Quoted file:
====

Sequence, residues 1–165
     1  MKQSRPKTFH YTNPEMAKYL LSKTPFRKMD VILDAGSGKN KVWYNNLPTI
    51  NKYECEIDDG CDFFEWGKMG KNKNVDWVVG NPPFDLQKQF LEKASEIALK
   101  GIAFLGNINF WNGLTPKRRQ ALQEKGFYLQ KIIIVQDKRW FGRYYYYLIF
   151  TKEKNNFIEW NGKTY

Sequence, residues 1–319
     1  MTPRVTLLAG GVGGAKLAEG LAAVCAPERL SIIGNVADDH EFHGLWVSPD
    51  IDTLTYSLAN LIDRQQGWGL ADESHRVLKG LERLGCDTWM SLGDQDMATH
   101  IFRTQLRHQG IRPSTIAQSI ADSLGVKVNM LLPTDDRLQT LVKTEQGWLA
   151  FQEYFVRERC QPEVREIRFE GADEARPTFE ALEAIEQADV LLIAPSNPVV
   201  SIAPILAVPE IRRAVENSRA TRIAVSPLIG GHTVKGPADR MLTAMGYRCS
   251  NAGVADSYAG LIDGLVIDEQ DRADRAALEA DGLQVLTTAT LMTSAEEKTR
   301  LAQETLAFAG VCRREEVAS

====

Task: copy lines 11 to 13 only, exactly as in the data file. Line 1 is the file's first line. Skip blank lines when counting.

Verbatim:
   201  SIAPILAVPE IRRAVENSRA TRIAVSPLIG GHTVKGPADR MLTAMGYRCS
   251  NAGVADSYAG LIDGLVIDEQ DRADRAALEA DGLQVLTTAT LMTSAEEKTR
   301  LAQETLAFAG VCRREEVAS